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November 19, 2004

notes on the mideast after Arafat

I have a colleague who's an excellent guide to the Israeli-Palestinian conflict, almost uniquely qualified to explain it. I can't reconstruct his crystal-clear summary of recent events, but I think I can accurately recollect a few key points:

1. Before Arafat died, there was some potential for a unilateral Israeli withdrawal from all of Gaza and selected parts of the West Bank. Sharon had decided to go that route, and he, perhaps alone of all Israeli politicians, had the stature to confront the settler movement and achieve some degree of withdrawal. After all, he was the architect of the settlements, so he could argue that some of them must be removed. Further, there was a consensus in Israel that Arafat was not a possible negotiating partner. Paradoxically, this made the left despair about fundamental negotiations and support modest Israeli withdrawals. In general, the Israeli people want negotiations, but not with Arafat. That desire created political momentum for an alternative strategy of unilateral separation. (Whether a withdrawal could possibly have led to a fair and sustainable outcome is another question.)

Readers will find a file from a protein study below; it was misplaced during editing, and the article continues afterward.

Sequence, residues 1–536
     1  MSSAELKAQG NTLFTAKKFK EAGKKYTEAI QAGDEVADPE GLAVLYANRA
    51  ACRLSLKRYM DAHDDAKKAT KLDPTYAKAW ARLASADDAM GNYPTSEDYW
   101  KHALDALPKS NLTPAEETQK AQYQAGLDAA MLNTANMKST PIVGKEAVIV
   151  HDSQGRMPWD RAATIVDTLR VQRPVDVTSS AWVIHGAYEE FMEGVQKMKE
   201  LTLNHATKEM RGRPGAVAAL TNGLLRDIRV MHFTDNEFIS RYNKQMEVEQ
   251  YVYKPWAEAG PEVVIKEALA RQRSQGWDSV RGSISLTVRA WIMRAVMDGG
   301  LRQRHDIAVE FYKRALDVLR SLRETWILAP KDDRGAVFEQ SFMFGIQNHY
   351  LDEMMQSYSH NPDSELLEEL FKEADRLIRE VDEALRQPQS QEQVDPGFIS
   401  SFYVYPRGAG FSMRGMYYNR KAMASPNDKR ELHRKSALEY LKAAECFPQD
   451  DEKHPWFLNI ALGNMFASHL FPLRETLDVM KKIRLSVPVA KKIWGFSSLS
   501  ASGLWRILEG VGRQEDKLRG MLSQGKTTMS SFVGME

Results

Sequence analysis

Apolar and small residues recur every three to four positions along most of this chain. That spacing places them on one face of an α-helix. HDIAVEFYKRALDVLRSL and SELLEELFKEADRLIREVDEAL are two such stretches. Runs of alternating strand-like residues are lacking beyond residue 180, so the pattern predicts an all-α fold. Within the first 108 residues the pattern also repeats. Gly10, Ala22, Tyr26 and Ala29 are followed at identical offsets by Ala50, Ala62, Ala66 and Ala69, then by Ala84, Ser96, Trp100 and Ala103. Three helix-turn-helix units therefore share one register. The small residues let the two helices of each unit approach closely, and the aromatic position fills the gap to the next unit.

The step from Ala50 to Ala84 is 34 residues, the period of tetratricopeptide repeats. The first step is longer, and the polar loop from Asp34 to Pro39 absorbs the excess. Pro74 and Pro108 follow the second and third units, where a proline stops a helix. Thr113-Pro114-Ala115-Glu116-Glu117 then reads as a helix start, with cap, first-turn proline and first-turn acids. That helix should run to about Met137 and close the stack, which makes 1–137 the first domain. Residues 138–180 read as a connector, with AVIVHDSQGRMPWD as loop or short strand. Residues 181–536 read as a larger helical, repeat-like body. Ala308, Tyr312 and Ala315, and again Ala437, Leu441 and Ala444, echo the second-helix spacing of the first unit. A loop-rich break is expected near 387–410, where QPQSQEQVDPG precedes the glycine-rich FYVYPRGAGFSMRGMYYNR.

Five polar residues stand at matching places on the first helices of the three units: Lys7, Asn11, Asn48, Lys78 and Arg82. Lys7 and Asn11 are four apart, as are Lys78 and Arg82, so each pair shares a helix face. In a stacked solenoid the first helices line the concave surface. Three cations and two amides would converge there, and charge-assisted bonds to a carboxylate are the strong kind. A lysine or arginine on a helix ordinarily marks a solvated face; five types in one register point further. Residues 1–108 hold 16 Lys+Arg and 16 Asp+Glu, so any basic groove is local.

2) With Arafat dead, the Israeli right is now calling for negotiations with his successor, and playing on popular hopes that somehow the two sides will be able to reach an overall agreement. This stance will help them block Sharon's strategy of unilateral withdrawal.
3) But Arafat was never as much of an obstacle as most Israelis have believed. His successor will inherit the same basic situation. Moreover, the Israeli right is calling for the Palestinian authority to wage a civil war to defeat Hamas, as a precondition for sitting down with Israeli negotiators who are not pre-committed to any particular position. This is an utterly unrealistic expectation.
4) So there is little ground for hope, and the death of Arafat has probably made things worse (although hardly anyone mourns him as a human being). The best path is probably still for Israel to withdraw from Gaza, in which case it is conceivable that the Palestinian authority and Hamas will work out a modus vivendi to govern the area, will converge ideologically, and will be able to negotiate together with Israel. The likelihood of that outcome strikes me as very low. But every other scenario I can imagine seems worse.

November 19, 2004 4:39 PM | category: none


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